Washington Updates: Student Aid, Brown vs. Board of Education 65 Years Later
This blog post is written by AACTE consultant Jane West and is intended to provide update information. The views expressed in this post do not necessarily reflect the views of AACTE.
Today marks the 65th Anniversary of the Brown vs. Board of Education Supreme Court landmark decision that established the principle that separate is not equal. How far have we come? Much to contemplate here. You will see below that a House education panel spoke loud and clear on that topic: we have a long way to go.
- Trump Proposes Taking More Funds from Pell Grants – to Fund Moonshot? Huh?
This week President Trump submitted to Congress some revisions to his original budget request. Notably, he took back the proposed cut he originally made for Special Olympics (after great bipartisan outrage); but he also added a new cut in the form of an additional $1.9 billion to the Pell grant surplus. It appears that the Pell cut would go toward funding the President’s proposed 2024 NASA moonshot! Education advocates were outraged. As Jon Fansmith of the American Council on Education put it: “Do I want to make college more expensive to fund space travel to the moon and Mars?” Hmmmm …
The President had already requested a $2 billion cut in Pell funding. So the total $3.9 billion recission would result in the Pell surplus being exhausted by 2022! This request is likely to be ignored on Capitol Hill, as no one—Republican or Democrat—ever really contemplated cutting Special Olympics. And while the Pell Surplus has been modestly raided in the past, a $3.9 billion cut is highly unlikely.
The House is on tap to finish this week having four of the twelve appropriations bills (including for education) ready to go to the floor for a vote. Another two will have moved through subcommittee, bringing the House closer to meeting its goal of having all 12 funding bills on the floor during the month of June. Meanwhile the Senate appears to be stymied until a final deal is reached on the budget caps. Recall that the House generated their own budget caps in order to move funding bills, knowing that at some point they would have to negotiate with the Senate. That time is coming soon.
For more information, read Should Trump take Pell Grant money for NASA’s moonshot? Outraged education advocates say no
- House Panel Adopts 2 Bills to Address School Segregation on 65th Anniversary of Brown vs. the Board of Education
On Thursday, the House Committee on Education and Labor, chaired by Rep. Bobby Scott (D-VA), adopted two pieces of legislation intended to curb the growing racial segregation in K-12 schools. In opening the markup, Chair Scott noted:
“The legacy of systemic inequality and racial segregation continues to deny millions of children the opportunity to reach their full potential. Instead of confronting this injustice, the federal government has continually retreated from its role in promoting school diversity, erasing decades of progress toward educational equity. These two bills will help reverse that trend.”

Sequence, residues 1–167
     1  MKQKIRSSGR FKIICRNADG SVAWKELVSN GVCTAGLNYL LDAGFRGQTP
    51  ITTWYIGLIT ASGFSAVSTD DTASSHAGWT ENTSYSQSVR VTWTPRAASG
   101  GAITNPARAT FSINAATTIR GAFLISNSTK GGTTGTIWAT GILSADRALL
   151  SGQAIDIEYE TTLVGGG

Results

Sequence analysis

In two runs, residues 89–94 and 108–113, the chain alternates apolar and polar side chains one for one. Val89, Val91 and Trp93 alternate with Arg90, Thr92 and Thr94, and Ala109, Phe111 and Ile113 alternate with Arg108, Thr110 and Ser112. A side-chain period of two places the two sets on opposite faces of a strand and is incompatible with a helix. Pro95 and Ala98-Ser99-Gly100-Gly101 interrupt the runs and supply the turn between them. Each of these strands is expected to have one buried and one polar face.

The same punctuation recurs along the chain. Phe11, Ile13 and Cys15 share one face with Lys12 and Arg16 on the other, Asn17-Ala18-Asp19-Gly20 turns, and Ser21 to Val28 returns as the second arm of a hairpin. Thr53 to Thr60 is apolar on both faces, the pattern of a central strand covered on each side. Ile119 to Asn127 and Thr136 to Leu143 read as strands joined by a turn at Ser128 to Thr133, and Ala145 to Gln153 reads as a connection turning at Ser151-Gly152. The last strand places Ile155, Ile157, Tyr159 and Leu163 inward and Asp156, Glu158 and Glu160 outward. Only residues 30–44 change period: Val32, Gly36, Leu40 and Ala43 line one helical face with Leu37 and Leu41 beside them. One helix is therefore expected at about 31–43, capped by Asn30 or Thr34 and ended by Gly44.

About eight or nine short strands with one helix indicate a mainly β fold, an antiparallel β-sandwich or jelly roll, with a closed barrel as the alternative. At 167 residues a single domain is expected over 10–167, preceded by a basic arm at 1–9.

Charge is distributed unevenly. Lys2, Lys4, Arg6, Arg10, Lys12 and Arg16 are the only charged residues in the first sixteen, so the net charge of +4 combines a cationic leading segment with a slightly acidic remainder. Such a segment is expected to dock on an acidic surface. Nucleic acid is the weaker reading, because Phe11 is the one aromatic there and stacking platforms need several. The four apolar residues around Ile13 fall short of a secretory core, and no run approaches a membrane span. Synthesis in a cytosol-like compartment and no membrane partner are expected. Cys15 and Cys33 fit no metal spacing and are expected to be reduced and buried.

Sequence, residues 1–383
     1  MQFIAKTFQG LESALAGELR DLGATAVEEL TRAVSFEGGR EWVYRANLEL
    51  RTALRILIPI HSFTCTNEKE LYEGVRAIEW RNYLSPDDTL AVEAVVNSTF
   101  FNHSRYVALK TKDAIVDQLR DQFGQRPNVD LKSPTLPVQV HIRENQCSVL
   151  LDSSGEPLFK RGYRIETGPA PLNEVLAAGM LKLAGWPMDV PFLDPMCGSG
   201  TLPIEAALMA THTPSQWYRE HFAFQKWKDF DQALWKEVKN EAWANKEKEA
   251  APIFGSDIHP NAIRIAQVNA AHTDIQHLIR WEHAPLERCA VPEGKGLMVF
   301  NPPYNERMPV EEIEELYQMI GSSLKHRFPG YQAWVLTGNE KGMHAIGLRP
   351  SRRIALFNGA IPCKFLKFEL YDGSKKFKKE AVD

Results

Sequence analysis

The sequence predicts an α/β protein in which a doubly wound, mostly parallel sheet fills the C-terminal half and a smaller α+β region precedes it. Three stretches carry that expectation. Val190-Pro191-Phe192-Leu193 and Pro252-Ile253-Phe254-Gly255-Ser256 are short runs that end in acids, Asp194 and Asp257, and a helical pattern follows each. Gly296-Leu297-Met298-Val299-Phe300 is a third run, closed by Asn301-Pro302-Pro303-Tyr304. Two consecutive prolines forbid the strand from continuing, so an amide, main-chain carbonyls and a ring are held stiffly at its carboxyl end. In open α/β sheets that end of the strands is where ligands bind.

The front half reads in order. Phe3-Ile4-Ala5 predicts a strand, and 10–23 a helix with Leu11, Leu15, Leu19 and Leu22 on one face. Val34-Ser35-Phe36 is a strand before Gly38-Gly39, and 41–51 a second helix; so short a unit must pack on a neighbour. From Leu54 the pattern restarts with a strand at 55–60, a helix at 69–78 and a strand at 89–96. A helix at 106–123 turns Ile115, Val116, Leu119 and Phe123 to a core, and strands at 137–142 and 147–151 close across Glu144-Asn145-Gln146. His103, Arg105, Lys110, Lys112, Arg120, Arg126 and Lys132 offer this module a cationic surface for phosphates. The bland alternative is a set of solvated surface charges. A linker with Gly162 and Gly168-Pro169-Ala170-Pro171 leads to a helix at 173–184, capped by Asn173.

Ranking Member Virginia Foxx (R-NC), said that while her Democrat colleagues have good intentions, the resulted legislation is shortsighted and intended to make political points. Republicans opposed both bills while Democrats supported them by a 26-20 vote.
The first bill, the Strength in Diversity Act of 2019 (HR 2639), offers voluntary incentives to community efforts to integrate schools. The second bill, The Equity and Inclusion Enforcement Act (HR2574), restores a private right of action to file disparate impact claims under Title VI of the Civil Rights Act and creates a monitor at the Department of Education responsible for investigating racial discrimination complaints.
Two recent studies document the rise of segregation in schools:
- The share of “intensely segregated” schools enrolling 90% or more non-white students was 18.2% in 2016 – three times higher than in 1988: Civil Rights Project at UCLA and Center for Education and Civil Rights at Penn State: Harming our Common Future: America’s Segregated Schools 65 Years after Brown
- The percentage of K-12 public schools with high percentages of poor and black Hispanic students grew from 9% in the early 2000s to 16% in 2013-14: Government Accounting Office: K-12 Education: Better Use of Information Could Help Agencies Identify Disparities and Address Racial Discrimination
Continue reading the full Washington Update on my website to learn more about the following:
- Study of Teacher Shortages Proposed
- Higher Education Act Rewrite Still Moving
- New Resources for Educators
See you on twitter: @janewestdc
AACTE Education Policy Consultant